Image


Sun Apr 19, 2009 5:16 pm
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Post I Love Woodland Plants Too!
Nice to see so many woodland plants there Kev! I don't have any Epimediums yet simply because I didn't have space before - now I have tons, so this fall I'll pick up an assortment. I'm lucky because I can order directly from a nursery in Shikoku that specializes in woodland perennials, so I can get almost anything I desire easily. Locally Heloniopsis orientalis can be found in abundance, so sourcing them is no problem!

Let's see, about your haul - I see several Epimediums, a Trillium of the sessile group, what looks to be a Podophyllum, another Heloniopsis and I'm not sure about that Liquidambar looking plant - looks spiny! Here's a lovely little woodland perennial, Psuedotrillium rivale 'Gunnar':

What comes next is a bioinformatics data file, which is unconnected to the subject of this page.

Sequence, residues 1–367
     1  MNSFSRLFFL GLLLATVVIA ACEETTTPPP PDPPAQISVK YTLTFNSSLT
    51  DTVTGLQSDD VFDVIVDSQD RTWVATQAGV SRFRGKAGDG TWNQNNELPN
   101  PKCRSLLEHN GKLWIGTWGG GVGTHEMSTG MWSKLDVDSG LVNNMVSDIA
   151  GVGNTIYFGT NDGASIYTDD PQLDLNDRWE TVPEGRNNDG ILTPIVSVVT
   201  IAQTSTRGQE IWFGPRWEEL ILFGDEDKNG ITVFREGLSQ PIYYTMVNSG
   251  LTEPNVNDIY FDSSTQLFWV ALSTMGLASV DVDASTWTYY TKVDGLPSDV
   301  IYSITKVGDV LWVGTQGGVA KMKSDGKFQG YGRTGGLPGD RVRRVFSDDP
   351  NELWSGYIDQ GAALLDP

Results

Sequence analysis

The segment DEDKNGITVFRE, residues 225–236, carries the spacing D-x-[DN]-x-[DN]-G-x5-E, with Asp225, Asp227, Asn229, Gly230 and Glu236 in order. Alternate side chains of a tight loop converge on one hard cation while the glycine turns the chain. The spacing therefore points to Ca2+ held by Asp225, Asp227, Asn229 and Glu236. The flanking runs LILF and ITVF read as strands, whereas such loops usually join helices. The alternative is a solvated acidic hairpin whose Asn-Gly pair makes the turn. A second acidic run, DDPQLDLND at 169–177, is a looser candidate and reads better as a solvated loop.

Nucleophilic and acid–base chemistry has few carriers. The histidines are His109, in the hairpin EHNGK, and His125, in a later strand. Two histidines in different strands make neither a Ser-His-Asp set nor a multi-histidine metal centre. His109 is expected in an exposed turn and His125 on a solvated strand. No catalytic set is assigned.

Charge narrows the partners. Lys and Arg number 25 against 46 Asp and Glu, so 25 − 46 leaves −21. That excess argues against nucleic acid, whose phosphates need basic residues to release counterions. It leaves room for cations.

Image

Talk about a miniature!

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Mon Apr 20, 2009 8:42 am
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Kev Spence wrote:
Hi Lee,
That is Fatsia japonica 'Spider's Web' its first year in the ground. It went all limp when it got frosted then snowed on but has come through more or less untouched and though very slow growing it seems to be bulkiing up quite nicely now.


Hi Kev

Is that a new variety as Ive not heard of it, but then again we are 20 years behind over here!! :lol: Still no Waggies, Brahea armata of Musa sikkimensis! Somebody would make a killing if they could get past the enormous red tape with importing plants.

Anyway nice plant there mate. I hope to see it full size with the "webs"!! lol

Lee


Mon Apr 20, 2009 10:46 am
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Tom love that Psuedotrillium rivale you just need a river of those trailing through your wooded area...sounds expensive.